The international movement to reduce and prevent crime through urban design is called Crime Prevention Through Environmental Design (CPTED). The initial idea arose through the writing of journalist Jane Jacobs (1961) who wrote that we can use physical environments to reduce crime. The CPTED name itself was initially created by Professor C. Ray Jeffery (1971) and later expanded by Architect Oscar Newman in his book on Defensible Space (1972). Today CPTED is led by the International CPTED Association (ICA), a professional non-government organization dedicated to implementing CPTED around the world. The ICA's mission is: "To create safer environments and improve the quality of life through the use of CPTED principles and strategies."
Since 1996, members of the ICA enhanced CPTED into a broader concept of “urban environments”, and today those concepts include preventing crime through physical/architectural environments, through neighborhood-based social environments, and, most recently, through cultural and psychological environments. These concepts are known respectively as 1st Generation, 2nd Generation, and 3rd Generation CPTED. This broader version of CPTED has a significant advantage over traditional crime and justice because strategies like arrest and imprisonment do not take place until after the crime has already happened. As such, they hack at the branches of crime causation after the fact. By comparison, CPTED, aims to dig at the roots of crime by examining the places where crime happen and the opportunities and motives for crime.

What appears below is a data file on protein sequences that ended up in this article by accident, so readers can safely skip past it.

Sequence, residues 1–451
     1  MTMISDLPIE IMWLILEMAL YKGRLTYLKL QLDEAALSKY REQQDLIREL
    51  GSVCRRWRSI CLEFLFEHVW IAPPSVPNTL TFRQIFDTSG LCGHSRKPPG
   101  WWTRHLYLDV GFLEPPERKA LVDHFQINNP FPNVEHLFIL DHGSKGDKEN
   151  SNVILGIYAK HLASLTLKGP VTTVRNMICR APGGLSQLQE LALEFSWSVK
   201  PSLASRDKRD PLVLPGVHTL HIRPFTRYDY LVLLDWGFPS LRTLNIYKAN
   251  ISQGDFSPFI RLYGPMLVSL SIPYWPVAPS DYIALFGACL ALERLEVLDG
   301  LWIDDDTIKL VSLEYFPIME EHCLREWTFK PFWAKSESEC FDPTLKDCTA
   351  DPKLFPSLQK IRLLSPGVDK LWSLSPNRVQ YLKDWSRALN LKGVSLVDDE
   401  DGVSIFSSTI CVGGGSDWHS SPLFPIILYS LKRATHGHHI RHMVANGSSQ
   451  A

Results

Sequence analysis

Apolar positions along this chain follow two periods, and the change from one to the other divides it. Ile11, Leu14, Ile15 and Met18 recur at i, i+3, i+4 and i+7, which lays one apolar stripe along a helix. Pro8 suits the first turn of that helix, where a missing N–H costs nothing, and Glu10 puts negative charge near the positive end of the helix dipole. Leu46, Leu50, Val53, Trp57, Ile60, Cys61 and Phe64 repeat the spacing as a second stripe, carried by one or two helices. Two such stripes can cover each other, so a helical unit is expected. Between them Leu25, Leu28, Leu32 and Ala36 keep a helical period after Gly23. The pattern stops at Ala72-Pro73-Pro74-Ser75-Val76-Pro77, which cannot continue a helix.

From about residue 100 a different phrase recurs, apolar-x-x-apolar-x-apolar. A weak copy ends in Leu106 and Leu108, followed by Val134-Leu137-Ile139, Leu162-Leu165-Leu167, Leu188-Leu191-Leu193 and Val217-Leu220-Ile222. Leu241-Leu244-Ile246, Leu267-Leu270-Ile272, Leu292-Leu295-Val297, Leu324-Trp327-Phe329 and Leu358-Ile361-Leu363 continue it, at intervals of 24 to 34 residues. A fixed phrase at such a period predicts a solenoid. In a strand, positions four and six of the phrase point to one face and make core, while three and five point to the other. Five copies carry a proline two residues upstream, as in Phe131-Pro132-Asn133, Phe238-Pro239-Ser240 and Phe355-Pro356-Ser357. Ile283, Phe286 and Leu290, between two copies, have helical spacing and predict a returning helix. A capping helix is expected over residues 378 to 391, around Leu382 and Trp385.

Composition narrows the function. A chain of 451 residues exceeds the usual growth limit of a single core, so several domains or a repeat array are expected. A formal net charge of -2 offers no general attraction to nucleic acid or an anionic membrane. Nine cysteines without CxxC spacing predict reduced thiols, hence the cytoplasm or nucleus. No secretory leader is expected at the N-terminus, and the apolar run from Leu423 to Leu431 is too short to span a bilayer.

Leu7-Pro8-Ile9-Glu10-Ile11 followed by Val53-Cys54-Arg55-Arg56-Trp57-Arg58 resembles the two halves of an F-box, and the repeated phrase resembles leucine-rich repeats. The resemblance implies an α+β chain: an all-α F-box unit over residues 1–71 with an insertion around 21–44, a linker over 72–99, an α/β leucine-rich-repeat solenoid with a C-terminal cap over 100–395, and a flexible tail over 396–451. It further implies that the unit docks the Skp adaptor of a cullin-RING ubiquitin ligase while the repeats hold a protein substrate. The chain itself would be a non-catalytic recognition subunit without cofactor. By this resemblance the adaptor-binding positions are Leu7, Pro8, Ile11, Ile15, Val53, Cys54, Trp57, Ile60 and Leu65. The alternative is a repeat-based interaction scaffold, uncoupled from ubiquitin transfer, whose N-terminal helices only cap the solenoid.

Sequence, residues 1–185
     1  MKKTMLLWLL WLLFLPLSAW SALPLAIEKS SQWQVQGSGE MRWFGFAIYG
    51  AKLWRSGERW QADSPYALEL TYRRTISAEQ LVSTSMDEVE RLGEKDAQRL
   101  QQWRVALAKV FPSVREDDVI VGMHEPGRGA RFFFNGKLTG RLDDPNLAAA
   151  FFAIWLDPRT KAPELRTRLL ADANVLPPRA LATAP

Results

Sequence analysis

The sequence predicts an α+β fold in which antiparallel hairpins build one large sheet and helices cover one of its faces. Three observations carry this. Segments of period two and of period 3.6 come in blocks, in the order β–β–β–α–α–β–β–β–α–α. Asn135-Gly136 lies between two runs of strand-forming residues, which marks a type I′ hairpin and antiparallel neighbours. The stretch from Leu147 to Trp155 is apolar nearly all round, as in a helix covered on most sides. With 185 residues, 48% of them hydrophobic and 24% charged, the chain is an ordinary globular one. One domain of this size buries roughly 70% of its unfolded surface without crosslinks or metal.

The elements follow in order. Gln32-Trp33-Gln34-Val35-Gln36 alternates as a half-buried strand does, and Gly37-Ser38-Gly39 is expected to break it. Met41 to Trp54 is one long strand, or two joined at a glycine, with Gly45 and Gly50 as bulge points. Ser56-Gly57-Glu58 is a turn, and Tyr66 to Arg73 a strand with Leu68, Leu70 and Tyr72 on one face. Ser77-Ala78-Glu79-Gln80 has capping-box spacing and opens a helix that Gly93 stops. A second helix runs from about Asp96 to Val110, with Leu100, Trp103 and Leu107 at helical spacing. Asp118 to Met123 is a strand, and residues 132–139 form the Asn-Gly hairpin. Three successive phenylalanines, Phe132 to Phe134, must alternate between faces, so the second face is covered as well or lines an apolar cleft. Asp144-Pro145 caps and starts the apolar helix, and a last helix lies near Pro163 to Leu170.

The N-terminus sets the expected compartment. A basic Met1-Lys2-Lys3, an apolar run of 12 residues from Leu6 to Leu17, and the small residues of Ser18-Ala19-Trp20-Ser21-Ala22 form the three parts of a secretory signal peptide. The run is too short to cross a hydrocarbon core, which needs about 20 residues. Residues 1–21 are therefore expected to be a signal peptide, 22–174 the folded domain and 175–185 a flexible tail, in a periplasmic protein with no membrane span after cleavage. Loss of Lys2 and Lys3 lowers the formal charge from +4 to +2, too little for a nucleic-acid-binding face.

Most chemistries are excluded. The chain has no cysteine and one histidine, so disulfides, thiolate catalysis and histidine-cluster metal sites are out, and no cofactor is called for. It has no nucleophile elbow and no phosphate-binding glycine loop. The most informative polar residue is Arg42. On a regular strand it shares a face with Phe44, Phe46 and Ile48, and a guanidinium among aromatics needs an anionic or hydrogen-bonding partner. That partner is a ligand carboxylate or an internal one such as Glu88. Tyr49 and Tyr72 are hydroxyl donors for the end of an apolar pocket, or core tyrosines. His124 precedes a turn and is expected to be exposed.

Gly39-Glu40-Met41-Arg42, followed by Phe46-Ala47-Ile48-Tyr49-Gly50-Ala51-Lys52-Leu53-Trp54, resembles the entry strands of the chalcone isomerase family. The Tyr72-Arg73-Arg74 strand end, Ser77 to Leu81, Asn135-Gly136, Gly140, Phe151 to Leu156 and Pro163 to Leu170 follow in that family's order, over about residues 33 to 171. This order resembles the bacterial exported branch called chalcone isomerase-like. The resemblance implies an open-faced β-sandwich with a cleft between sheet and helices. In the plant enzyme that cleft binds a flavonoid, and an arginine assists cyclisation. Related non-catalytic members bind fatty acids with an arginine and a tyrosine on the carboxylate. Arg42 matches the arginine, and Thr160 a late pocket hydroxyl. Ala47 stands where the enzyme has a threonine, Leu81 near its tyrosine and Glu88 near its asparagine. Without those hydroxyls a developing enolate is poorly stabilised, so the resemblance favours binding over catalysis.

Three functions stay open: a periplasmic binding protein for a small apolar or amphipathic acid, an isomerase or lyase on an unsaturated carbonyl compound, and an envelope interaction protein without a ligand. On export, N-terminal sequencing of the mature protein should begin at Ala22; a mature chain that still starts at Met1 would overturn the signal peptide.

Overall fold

To create safer environments and improve the quality of life through the use of CPTED principles and strategies